Building an Operating System for the Data Center

Thursday, April 16, 2015 -
4:00pm to 5:00pm
1240 Computer Sciences

Speaker Name: 

Simon Peter

Speaker Institution: 

University of Washington



Cookies Location: 

1240 Computer Sciences


Data centers run a range of important applications with ever
increasing performance demands, from cloud and server computing to Big
Data and eScience. However, the scaling of CPU frequency has stalled
in recent years, leading to hardware architectures that no longer
transparently scale software performance. Two trends stand out: 1)
Instead of frequency, hardware architectures increase the number of
CPU cores, leaving complex memory system performance and CPU
scheduling tradeoffs exposed to software. 2) Network and storage I/O
performance continues to improve, but without matching improvements in
CPU frequency. Software thus faces ever increasing I/O efficiency

In my research, I address how operating systems (OSes) can handle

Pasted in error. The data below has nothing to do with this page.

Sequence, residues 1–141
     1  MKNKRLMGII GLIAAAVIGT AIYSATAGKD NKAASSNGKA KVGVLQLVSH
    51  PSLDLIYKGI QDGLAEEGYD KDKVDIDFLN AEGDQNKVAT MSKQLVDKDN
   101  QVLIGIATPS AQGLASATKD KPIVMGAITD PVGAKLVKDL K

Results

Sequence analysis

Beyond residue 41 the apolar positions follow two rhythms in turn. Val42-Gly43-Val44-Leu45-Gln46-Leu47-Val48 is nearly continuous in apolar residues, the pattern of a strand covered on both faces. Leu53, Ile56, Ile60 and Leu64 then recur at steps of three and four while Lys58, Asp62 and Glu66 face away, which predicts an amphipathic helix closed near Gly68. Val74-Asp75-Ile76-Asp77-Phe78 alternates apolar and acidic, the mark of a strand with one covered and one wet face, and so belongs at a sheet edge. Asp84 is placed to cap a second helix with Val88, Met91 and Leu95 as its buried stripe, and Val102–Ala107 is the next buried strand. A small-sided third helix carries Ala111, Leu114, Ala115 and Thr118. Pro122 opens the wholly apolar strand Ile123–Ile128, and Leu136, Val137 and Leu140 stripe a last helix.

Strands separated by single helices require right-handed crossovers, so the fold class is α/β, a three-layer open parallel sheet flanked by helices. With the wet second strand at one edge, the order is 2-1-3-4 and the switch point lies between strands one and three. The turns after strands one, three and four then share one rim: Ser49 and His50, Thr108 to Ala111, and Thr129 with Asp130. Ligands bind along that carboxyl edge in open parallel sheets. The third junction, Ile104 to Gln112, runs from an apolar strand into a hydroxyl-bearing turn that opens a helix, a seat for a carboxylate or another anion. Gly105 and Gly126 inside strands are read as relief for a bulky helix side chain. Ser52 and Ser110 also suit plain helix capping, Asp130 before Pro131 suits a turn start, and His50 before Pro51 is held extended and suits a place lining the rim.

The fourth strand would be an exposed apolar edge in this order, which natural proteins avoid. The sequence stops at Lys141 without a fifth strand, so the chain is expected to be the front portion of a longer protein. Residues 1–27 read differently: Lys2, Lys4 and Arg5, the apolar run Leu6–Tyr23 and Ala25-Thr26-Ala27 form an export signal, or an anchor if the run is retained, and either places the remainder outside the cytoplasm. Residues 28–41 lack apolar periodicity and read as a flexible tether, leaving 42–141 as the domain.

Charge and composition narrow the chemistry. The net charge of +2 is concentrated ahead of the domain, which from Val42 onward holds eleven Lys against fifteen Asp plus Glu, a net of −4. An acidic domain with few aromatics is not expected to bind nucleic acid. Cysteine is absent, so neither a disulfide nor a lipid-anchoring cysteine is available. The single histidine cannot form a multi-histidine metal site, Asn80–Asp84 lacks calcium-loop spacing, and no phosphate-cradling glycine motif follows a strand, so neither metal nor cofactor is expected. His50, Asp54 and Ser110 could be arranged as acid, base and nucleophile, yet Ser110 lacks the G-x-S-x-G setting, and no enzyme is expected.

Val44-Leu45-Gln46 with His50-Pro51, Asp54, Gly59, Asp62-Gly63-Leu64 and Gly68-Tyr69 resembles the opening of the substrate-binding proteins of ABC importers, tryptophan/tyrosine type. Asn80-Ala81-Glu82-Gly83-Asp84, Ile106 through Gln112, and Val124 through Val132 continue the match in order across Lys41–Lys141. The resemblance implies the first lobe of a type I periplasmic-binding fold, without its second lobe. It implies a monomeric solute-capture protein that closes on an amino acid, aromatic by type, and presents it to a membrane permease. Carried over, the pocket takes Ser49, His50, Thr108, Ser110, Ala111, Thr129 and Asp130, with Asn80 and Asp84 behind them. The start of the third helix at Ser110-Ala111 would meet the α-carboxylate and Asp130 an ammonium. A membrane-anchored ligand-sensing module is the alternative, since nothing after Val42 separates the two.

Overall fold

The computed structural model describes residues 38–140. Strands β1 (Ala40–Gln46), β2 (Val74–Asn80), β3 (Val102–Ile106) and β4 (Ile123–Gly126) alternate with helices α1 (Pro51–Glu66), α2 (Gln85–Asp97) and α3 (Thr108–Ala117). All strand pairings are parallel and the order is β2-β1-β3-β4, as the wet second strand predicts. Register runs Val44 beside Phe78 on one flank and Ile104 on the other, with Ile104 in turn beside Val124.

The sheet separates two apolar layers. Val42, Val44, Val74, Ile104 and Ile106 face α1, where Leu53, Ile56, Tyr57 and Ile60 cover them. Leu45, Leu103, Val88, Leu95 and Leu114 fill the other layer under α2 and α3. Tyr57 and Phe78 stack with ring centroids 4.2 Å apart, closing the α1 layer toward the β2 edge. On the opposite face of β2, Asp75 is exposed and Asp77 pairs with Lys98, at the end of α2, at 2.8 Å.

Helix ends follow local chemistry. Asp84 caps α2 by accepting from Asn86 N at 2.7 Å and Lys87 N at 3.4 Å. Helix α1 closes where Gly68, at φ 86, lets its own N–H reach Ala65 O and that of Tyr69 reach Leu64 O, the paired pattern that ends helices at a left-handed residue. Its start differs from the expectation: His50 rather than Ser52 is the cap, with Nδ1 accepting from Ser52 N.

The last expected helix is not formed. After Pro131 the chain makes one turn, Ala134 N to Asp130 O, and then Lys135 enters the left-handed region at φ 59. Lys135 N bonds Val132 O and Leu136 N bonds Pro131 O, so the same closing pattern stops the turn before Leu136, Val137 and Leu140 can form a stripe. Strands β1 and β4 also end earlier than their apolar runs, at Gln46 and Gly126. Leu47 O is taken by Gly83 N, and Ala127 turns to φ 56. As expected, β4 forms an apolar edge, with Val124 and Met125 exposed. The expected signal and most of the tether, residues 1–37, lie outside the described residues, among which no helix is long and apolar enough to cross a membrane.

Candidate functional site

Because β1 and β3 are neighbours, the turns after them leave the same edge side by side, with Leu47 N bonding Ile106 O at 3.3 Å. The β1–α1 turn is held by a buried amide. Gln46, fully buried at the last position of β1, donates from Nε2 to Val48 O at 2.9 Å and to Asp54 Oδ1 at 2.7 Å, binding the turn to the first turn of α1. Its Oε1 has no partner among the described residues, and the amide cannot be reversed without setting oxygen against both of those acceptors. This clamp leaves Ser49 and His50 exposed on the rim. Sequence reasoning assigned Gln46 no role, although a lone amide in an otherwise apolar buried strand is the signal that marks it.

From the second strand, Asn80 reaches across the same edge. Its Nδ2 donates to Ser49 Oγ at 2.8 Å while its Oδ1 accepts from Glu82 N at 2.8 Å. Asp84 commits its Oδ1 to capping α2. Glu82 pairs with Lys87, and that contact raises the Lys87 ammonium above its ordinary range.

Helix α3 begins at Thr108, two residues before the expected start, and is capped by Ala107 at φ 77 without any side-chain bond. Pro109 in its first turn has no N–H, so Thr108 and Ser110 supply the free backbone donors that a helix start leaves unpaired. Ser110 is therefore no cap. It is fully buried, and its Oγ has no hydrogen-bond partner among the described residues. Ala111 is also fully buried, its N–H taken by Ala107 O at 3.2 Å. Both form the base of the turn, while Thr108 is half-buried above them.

these growing complexity and performance pressures to avoid becoming
the limiting factor to performance. I first explain how current OS
architecture is already inadequate to address these trends, limiting
application performance. I then present how the OS can be redesigned
to eliminate the performance limitations without compromising on
existing features or application compatibility. I finish with an
outlook on how these hardware trends affect software in the future and
present ideas to address them.

Simon is a postdoctoral research associate at the University of
Washington, where he leads research in operating systems and
networks. His postdoctoral advisors are Tom Anderson and Arvind
Krishnamurthy. Simon received a Ph.D. in Computer Science from ETH
Zurich in 2012 and an MSc in Computer Science from the
Carl-von-Ossietzky University Oldenburg, Germany in 2006.

Simon's research focus is on data center performance issues. For his
work on the Arrakis high I/O performance operating system, he received
the Jay Lepreau best paper award (2014) and the Madrona prize
(2014). Previously, Simon has worked on the Barrelfish multicore
operating system and conducted further award-winning systems research
at various locations, including Microsoft Research Silicon Valley and
Cambridge, Intel Labs Germany, UC Riverside, and the NSF.